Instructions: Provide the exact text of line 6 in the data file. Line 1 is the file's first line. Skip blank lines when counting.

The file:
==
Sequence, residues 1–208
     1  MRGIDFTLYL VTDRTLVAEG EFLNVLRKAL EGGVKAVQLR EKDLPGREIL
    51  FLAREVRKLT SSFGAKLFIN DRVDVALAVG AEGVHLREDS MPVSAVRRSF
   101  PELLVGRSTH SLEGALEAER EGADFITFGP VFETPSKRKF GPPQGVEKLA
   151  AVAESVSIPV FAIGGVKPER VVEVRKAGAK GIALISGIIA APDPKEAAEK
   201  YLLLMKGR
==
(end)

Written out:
   201  YLLLMKGR